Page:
I have been asking myself a very simple question for a long time: when did it become accepted practice to commoditise (to turn something into a raw material that can be bought and sold) values (the regard that something is important, worthy, and useful)?
As a design student I came across brand values the first time in Marketing 101 at university. The learned claim it to be a study of the action/business/practice of promoting and selling products or services. In order to do the ‘business’ you inevitably get involved in market research and the result of this research and subsequent ‘strategy’ is what is loosely referred to as communication a.k.a. advertising.
The plot thickens.
In order to effectively market, promote and sell a product or service, the field furthers itself via a speciality called behavioural economics: primarily the mathematical modeling of how decisions are made by individuals.
Bounded rationality, the cornerstone of behavioural economics, is:
- The business and understanding of the tractability of a decision, aka the problem;
- The cognitive limitations of the individual’s mind, aka the target market, etc; and
- The timing in and through which the decision must be made.
In other words, it entails figuring out and reducing into numbers how the market, customers, employees, you and I make decisions as we live our lives and explicitly how it impacts your business’ bottom line.
Are you uncomfortable yet? Because if being a number on a ledger and under ‘investigation’ does not make you feel dehumanised, the problem is bigger than what we think.
Let’s bring the story home.
As an example of the dilemma that business finds itself in with the millennial workforce, let us talk about myth number three around Millennials in the workplace which you can debunk: millennials are ‘tough to manage’ and ‘lazy’.
This is, in my opinion, a symptom of expectations around collaboration in the workplace. It is the how your business shares ideas, thinks towards realising a common goal and acts through teamwork to this higher level of accomplishment.
What makes the water murkier is that your business is increasingly becoming more geographically distributed and the business’ efforts and activities removed, coordinated and integrated with, what I hope to be, enablement through technology.
I am painting the background of marketing and the influence of technology for you because as a leader in your business, the decision-maker, bounded rationality leans toward your behavior becoming that of a satisfier, and therein lies the conundrum – seeking the satisfactory solution rather than an optimal one. It means that in your effort to accommodate or motivate the Eco-Boomers/ Millennials (the satisfactory solution), you contribute to their perceived entitlement as you continually connect in a disingenuous manner. And that is where the myth is proven untrue. It is not the Millennials that are lazy and tough to manage, but rather your bias, expectations and reluctance to re-learn engagement.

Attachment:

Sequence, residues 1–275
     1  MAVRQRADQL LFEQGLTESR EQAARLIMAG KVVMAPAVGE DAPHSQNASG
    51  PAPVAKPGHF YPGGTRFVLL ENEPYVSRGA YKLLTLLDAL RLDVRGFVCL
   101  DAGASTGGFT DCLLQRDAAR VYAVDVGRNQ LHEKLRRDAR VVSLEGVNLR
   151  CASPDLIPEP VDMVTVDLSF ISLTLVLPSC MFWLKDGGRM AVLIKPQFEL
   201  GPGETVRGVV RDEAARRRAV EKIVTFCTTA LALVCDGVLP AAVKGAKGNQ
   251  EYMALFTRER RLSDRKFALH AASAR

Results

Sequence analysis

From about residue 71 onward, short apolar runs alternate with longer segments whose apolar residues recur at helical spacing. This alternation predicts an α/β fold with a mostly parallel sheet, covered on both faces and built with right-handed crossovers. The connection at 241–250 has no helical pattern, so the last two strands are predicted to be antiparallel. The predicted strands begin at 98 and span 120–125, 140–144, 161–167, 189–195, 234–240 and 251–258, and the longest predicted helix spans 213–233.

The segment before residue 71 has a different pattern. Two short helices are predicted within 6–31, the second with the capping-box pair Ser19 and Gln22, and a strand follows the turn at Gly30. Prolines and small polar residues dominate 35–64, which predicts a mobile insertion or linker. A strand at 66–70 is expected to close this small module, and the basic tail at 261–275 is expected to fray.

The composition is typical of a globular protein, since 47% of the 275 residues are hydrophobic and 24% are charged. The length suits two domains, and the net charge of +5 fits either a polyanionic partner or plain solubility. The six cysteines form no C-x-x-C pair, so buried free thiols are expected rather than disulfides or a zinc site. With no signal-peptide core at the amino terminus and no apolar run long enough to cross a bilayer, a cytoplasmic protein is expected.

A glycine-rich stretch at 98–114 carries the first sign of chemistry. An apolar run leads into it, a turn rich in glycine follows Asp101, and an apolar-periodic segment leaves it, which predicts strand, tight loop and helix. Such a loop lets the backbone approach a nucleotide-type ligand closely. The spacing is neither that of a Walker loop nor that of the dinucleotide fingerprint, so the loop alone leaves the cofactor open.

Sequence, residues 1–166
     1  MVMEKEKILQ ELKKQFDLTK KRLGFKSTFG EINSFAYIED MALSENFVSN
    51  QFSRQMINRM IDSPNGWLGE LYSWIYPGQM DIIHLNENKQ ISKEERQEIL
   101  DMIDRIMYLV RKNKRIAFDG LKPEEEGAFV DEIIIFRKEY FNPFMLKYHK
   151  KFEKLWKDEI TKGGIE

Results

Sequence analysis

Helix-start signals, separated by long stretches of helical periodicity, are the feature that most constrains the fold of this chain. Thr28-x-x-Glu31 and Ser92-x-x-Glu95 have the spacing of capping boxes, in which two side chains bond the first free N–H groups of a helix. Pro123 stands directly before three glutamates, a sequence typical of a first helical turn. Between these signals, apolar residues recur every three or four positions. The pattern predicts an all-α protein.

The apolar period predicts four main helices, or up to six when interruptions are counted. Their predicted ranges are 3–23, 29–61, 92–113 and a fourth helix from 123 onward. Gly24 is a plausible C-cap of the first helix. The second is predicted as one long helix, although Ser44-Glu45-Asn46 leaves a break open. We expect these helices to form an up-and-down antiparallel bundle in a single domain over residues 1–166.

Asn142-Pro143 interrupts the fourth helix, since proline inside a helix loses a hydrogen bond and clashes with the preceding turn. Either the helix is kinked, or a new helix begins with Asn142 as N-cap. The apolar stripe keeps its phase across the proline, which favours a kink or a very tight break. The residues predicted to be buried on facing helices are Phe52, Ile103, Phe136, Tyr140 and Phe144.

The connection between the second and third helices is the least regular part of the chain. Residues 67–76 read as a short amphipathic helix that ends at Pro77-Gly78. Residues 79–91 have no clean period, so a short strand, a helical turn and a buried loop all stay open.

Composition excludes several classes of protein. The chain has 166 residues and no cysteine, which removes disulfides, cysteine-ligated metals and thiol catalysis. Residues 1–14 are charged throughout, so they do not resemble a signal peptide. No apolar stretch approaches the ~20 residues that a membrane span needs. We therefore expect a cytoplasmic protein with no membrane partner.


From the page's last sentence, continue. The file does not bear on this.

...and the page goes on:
This begs the question then, what is the optimal solution? I would venture that it has something to do with how you lead your business. How you commoditised its values which led to a lack of connection and subsequently fostered a lack of collaboration.
Behavioural modelling typically integrates insights from psychology, neuroscience, micro-economics and in so doing covers a range of concepts, constructs and methods. I advocate the use of these resources but not at the expense of connection. It means that you need to learn about new worlds, cultures, behaviours, preferences, prejudices and sciences. It means that, like millennials, you should have a ‘wanderlust’ for the world and its people because the principle of the matter is that people come first, always. It also means that learning never stops. It means that the optimal solution is the blend of the old and the new world to where the entire workforce would want to emigrate.
As much as behavioral modeling can be a tool for destruction you can use this mechanism to find out what drives the ‘public choice’ in your millennial workforce as you take them with you on your journey.
I leave you with three prevalent themes which you can investigate and use to enable collaboration with your Millennial workforce:
- 95% of decisions are made using mental shortcuts. Find out what the mental shortcuts are to which your millennial workforce reverts and re-engineer your collaboration strategy accordingly.
- The millennial workforce in your business has framed a collection of anecdotes and stereotypes which informs (one collection is doing the informing so it is also singular) their mental emotional filters and which in turn supports or blocks their contribution to collaboration. Pin-point who and what represents that for them in your business and correct it with courageous conversations.
- There is a pattern of non-rational decision making that exists in your millennial workforce which prohibits your optimal solution from manifesting. First investigate whether you are solving the first principle in the business or if you are paying attention to the symptoms of the pattern. Then engage and enhance, test, learn, correct and amplify.
I humbly ask again, who do you need to become to rethink how you do collaboration and work with millennials in the workplace?
By Matt White: Author, Speaker, Brand Specialist, Customer and Employee Engagement Expert, and Executive META Coach